Base represents building, antenna, span and earth. People practicing base jumping may leap from any of these fixed four objects using parachutes that are specifically designed for fast deployment. It is known and popular in the globe as one of the extreme sports. However, vast majority of people now take part in base jumping and are allowed as many jumps they are able to make.
The base jumping first empowers your mental strength. Your body is fit as you need a good balance of your body and the muscles are toned. The small extra excitement helps your blood flow increase and keeps you charged for the extreme sports.
The thrill and energy keeps you active, jubilant and you stay rejuvenated for long hours even after the period of sports in over. The social circle improves and overtime, you can find more people coming into contact. This keeps your mind free of other worries and you are entertained and felt wanted as someone tries to stay in touch with you.
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Your mind is at rest after one BASE jump. The moment you complete one round, you are exhausted, but energetic and happy that your mind is absolutely at rest and peaceful. More here
Base Jumping, Helps Empowering Mental Strength
Back in the day, skydiving was generally considered the most suicidal thing you could do with your clothes on. But since those days times have indeed changed, and things have got even more radical: now there’s a new kid on the block, and his name is BASE jumping…
To the uninitiated, BASE or Bridge, Antennae, spans(bridges), earth(cliffs) jumping is now officially the second most dangerous thing you can do which also involves falling through the air at ridiculous velocity towards planet Earth (now narrowly pipped to the post by the even more lethal “Wingsuit flying” which involves donning a ridiculous looking outfit that makes you look exactly like a giant and very fashion conscious flying squirrel).
BASE is, quite simply, the art of chucking ones self gracefully (when it goes to plan) off of a very high object and falling for as long as possible before opening the shoot and landing, preferably with both legs intact. Basically it’s sky diving on acid, so you could say it’s not for the faint of heart. What makes BASE different from skydiving? The time factor and the risks that are ramped up as a result. While skydivers have things easy, with minutes to deploy their chutes and enjoy the scenery, BASE jumpers have literally only seconds.
Even more daunting, they jump not out of a plane but off of a cliff / bridge or even a sky scraper…anything high really. Even seemingly low buildings have been the target of renegade urban BASE jumpers during the night.
As with becoming a sky diving instructor, becoming a BASE jumping instructor offers a number of advantages over the conventional office environment, and with more highs than drinking a hundred coffees non-stop could ever provide: lots of fresh air, no boss (quite literally) on your back, and a freedom that money simply can’t buy. But don’t think that means it’s the perfect job: more people die BASE jumping than any other high-octane activity. In fact, the ratio of jumps to deaths makes climbing Mount Everest look like a decidedly tempting challenge by comparison…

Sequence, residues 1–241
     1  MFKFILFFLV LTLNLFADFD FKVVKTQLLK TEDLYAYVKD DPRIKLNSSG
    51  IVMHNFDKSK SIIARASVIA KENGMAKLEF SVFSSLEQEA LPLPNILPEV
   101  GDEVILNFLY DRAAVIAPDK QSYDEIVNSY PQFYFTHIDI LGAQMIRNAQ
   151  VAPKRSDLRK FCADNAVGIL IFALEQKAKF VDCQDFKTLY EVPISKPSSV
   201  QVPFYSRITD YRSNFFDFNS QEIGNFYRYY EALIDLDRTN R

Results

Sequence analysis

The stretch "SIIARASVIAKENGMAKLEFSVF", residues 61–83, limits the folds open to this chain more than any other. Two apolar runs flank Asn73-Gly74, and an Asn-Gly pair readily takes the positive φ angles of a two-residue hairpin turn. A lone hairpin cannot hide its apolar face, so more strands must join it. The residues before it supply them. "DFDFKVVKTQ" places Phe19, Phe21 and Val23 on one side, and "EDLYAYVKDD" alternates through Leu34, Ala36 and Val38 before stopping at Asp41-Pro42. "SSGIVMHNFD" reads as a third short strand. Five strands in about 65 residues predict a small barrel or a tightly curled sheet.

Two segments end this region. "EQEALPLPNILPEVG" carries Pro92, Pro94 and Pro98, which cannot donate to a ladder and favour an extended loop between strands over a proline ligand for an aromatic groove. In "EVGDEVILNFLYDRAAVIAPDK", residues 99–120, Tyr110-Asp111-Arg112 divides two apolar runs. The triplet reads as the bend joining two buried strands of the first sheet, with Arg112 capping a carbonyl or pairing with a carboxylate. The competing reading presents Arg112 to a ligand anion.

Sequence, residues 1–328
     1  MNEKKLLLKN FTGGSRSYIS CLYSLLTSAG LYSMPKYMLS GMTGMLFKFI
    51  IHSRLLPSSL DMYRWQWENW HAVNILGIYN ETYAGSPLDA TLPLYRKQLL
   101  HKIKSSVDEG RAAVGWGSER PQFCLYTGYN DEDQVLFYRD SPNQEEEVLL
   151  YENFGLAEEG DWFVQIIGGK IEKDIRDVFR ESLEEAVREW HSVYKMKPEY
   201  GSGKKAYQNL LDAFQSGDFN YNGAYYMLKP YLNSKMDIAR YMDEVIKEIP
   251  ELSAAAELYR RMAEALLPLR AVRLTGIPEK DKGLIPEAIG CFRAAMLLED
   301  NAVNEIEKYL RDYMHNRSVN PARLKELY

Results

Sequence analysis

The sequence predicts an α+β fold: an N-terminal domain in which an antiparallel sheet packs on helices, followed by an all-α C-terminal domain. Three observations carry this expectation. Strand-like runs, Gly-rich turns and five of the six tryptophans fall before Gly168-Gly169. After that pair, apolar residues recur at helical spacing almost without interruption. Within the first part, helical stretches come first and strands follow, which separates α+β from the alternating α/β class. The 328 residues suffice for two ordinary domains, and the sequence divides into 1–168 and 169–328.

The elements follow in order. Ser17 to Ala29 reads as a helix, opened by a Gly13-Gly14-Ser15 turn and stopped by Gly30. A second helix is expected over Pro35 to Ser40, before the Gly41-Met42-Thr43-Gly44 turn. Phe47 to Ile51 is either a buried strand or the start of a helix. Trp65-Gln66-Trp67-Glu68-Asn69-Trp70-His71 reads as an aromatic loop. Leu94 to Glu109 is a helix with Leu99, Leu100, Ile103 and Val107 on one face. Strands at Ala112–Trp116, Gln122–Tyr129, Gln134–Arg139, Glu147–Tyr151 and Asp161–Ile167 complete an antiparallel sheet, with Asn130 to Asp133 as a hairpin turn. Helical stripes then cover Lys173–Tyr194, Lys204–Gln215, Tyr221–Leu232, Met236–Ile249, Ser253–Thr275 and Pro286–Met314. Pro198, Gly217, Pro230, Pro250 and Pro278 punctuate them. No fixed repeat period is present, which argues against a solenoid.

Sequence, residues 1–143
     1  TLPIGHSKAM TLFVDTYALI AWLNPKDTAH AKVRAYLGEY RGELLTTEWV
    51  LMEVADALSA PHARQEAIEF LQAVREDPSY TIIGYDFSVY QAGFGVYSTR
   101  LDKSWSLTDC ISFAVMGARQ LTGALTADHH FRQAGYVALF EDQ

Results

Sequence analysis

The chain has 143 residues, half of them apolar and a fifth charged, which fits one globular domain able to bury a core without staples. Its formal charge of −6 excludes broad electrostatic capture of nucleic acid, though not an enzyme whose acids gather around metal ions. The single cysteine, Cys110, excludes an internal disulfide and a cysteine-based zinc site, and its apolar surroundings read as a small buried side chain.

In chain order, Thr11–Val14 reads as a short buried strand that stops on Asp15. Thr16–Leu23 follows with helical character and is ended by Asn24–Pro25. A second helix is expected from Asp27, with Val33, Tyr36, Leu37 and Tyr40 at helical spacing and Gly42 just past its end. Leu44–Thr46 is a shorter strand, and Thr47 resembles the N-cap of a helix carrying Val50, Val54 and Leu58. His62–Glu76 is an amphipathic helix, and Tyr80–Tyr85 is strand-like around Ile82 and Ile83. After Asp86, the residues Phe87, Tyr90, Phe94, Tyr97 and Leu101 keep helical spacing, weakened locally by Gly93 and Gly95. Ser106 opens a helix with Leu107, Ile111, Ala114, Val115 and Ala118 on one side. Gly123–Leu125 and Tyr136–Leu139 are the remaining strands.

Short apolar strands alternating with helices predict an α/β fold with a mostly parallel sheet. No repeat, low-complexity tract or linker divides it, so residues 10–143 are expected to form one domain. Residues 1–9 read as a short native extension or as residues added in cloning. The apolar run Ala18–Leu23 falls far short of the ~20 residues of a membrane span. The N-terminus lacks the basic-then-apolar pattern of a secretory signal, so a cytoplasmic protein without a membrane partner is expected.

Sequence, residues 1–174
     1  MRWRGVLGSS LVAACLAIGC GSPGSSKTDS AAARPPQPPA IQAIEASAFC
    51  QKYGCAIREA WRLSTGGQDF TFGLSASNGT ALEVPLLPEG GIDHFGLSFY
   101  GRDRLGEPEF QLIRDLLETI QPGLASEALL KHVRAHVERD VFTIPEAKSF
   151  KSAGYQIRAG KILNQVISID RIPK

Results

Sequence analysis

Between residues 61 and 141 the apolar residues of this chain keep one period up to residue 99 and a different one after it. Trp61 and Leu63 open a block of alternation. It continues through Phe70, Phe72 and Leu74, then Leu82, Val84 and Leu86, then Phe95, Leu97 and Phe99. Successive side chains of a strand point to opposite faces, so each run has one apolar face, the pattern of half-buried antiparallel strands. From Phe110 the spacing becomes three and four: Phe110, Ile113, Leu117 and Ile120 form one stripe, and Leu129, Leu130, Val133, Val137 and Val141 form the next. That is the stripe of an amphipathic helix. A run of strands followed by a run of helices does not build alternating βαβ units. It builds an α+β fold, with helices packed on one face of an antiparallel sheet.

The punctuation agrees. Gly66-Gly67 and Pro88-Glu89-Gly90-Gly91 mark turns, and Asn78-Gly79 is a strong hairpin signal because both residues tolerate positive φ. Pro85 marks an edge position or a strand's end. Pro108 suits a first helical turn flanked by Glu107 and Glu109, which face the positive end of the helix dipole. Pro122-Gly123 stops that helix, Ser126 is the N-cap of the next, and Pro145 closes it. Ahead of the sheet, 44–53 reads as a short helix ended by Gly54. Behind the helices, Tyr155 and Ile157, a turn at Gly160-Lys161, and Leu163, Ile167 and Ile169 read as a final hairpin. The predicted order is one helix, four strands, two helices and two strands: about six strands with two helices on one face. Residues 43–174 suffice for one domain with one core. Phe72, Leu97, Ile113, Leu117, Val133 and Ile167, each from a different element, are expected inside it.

About Base Instructor
So we’ve established that there are vast differences between becoming a BASE instructor and a sky diving instructor. The major one being that as the fall time is vastly less than in sky diving, the former doesn’t have the option of doing a tandem jump with a new student: in other words, there’s no being there to deploy the chute should they pass out or something else go wrong. This means that once a student makes that leap of faith, they are on their own and you had better be confident that you taught them everything they needed to know before they left your side…
The most important thing you need to know about becoming an instructor, or doing BASE in general, is the risk factor, which can never be underestimated: according to reputable sources, you have something like a 5% chance of dying sometime during your BASE career. The more jumps, the greater the risk. Also, experience with sky diving is essential, and most courses require that those wishing to become BASE jumpers already have 200 or more skydives successfully under their belt. In addition, to graduate to instructor level you would then need another couple of hundred base jumps added to that. This is definitely not the kind of job that you could just suddenly decide to start one day.
So, assuming you can handle the pressure, here are the characteristics of a good BASE instructor: a keen eye for organization (to pack your kit and know it’s safe), good balance and coordination, and an ability to think fast when the pressure is on. If you’re missing any one of these vital characteristics then it may be a very good idea to steer clear of this exhilarating yet outrageous occupation altogether.